Abstract: Kernel methods are effective approaches to the modeling of structured objects in learning algorithms. Their major drawback is the typically high computational complexity of kernel functions. This prevents the application of computational demanding algorithms, e.g. Support Vector Machines, on large datasets. Consequently, on-line learning approaches are required. Moreover, to facilitate the application of kernel methods on structured data, additional efficiency optimization should be carried out. In this paper, we propose Direct Acyclic Graphs to reduce the computational burden and storage requirements by representing common structures and feature vectors. We show the benefit of our approach for the perceptron algorithm using tree and polynomial kernels. The experiments on a quite extensive dataset of about one million of instances show that our model makes the use of kernels for trees practical. From the accuracy point of view, the possibility of using large amount of data has allowed us to reach the state-of-the-art on the automatic detection of Semantic Role Labeling as defined in the Conference on Natural Language Learning shared task.

"Fast On-line Kernel Learning for Trees", F. Aiolli, G. Da San Martino, A. Sperduti, and A. Moschitti. ICDM 2006 (Short Paper).  bibtex download article (abstract)

Abstract: Kernel methods have been shown to be very effective for applications requiring the modeling of structured objects. However they usually are too computational demanding to be applied to complex learning algorithms, e.g. Support Vector Machines. Consequently, in order to apply kernels to large amount of structured data, we need fast on-line algorithms along with an efficiency optimization of kernel functions. In this paper we optimize tree kernel computation by representing set of trees with minimal Direct Acyclic Graphs (DAGs). This reduces the storage requirements and speeds up the computation as the kernel function over DAGs may correspond to the evaluation of a large number of trees. The experiments conducted show that substantial computational savings can be obtained for the perceptron algorithm.

"A new Swarm Intelligence Coordination Model Inspired by Collective Prey Retrieval and its Application to Image Alignment", G. Da San Martino, F. A. Cardillo, and A. Starita. PPSN06 2006.  bibtex download article (abstract)

Abstract: Swarm Intelligence is the emergent collective intelligence of groups of simple agents acting almost independently. Algorithms following this paradigm have many desirable properties: flexibility, decentralized control, robustness, fault tolerance. This paper presents a novel agent coordination model inspired by the way ants collectively transport large preys. In our model a swarm of agents, each having a different destination to reach, moves with no centralized control in the direction indicated by the majority of agents keeping its initial shape. The model is used to build an algorithm for the problems of image alignment and image matching. The novelty of the approach and its effectiveness are discussed.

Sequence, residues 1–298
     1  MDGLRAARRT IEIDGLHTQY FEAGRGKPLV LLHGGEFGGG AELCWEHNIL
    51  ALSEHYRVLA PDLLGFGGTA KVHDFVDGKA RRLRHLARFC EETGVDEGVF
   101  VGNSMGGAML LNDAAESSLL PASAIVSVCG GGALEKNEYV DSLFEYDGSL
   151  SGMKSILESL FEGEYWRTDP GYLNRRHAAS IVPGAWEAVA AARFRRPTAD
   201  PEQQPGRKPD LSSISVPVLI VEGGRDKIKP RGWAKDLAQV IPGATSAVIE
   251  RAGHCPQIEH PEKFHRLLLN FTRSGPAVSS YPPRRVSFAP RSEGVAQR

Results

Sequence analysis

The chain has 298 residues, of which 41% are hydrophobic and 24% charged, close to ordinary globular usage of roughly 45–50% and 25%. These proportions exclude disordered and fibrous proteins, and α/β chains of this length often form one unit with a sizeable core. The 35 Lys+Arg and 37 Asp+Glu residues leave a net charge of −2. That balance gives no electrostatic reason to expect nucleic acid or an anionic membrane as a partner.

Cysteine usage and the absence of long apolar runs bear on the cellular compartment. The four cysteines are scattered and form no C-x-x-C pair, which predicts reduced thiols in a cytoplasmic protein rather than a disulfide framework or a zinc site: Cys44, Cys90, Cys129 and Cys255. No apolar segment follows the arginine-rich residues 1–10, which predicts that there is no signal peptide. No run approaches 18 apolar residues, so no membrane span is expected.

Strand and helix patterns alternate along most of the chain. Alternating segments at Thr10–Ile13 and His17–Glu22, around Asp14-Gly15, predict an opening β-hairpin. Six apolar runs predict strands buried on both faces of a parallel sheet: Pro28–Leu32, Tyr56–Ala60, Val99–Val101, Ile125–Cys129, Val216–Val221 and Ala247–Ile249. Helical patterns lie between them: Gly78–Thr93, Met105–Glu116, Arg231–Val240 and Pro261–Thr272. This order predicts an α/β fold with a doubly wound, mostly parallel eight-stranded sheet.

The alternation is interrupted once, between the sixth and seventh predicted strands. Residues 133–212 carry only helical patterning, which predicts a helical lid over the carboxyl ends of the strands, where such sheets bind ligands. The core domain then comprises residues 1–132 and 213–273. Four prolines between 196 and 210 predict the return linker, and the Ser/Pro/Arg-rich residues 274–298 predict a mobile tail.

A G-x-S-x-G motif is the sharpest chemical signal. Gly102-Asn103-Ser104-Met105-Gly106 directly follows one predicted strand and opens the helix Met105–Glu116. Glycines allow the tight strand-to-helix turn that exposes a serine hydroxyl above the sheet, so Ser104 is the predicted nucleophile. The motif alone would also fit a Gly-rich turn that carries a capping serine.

"A new Swarm Intelligence Algorithm for Image Alignment", G. Da San Martino, F. A. Cardillo, and A. Starita. MEDSIP06 2006.  bibtex download article (abstract)

Abstract: Swarm Intelligence is the emergent collective intelligence of groups composed of simple and quasi-independent agents. Algorithms following this paradigm show many desirable properties: flexibility, decentralized control, robustness, fault tolerance. This paper presents a new agent coordination model loosely inspired by the way some species of ants collectively transport large preys. The model is used to build a Swarm Intelligence algorithm for the problem of image alignment. The novelty of the approach and its effectiveness are discussed.

Other Publications

"Stable Feature Selection for Biomarker Discovery: Use of Biological Information", T. Sanavia, F. Aiolli, G. Da San Martino, A. Bisognin, B. Di Camillo. BITS Annual Meeting 2011.  bibtex download article (abstract)

Abstract: Studies on the transcriptome done with microarray data have experienced a huge diffusion and the analysis of these data has been promising for the identification of key genes which can be used as diagnostic/prognostic markers for the disease. In particular, supervised classification analysis has been largely applied to address this issue and the state-of-the-art machine learning methods have demonstrated to give solutions with empirically good accuracy. However, the stability of the selected biomarkers is also a very important task. If an accurate system tends to select the same biomarkers in different independent experiments, then it is more likely that the selected biomarkers are the right ones. In general, there are two stability issues arising in gene expression classification and analysis. First, it would be desirable that classifiers obtained using different training data do not change too much (low variance of the classifiers). Since training data are often limited, predictive models obtained from different datasets can be extremely different. Secondly, since the number of features is generally very high, then features can be combined in many different ways to give solutions able to explain data. As a consequence, many possible sets of features can be considered relevant to the task and equally good in terms of accuracy. This characteristic makes the process of selecting the set of relevant features which are relevant for a classification task a very hard problem. A possible approach to improve list stability is to integrate biological information from genomic databases in the learning process.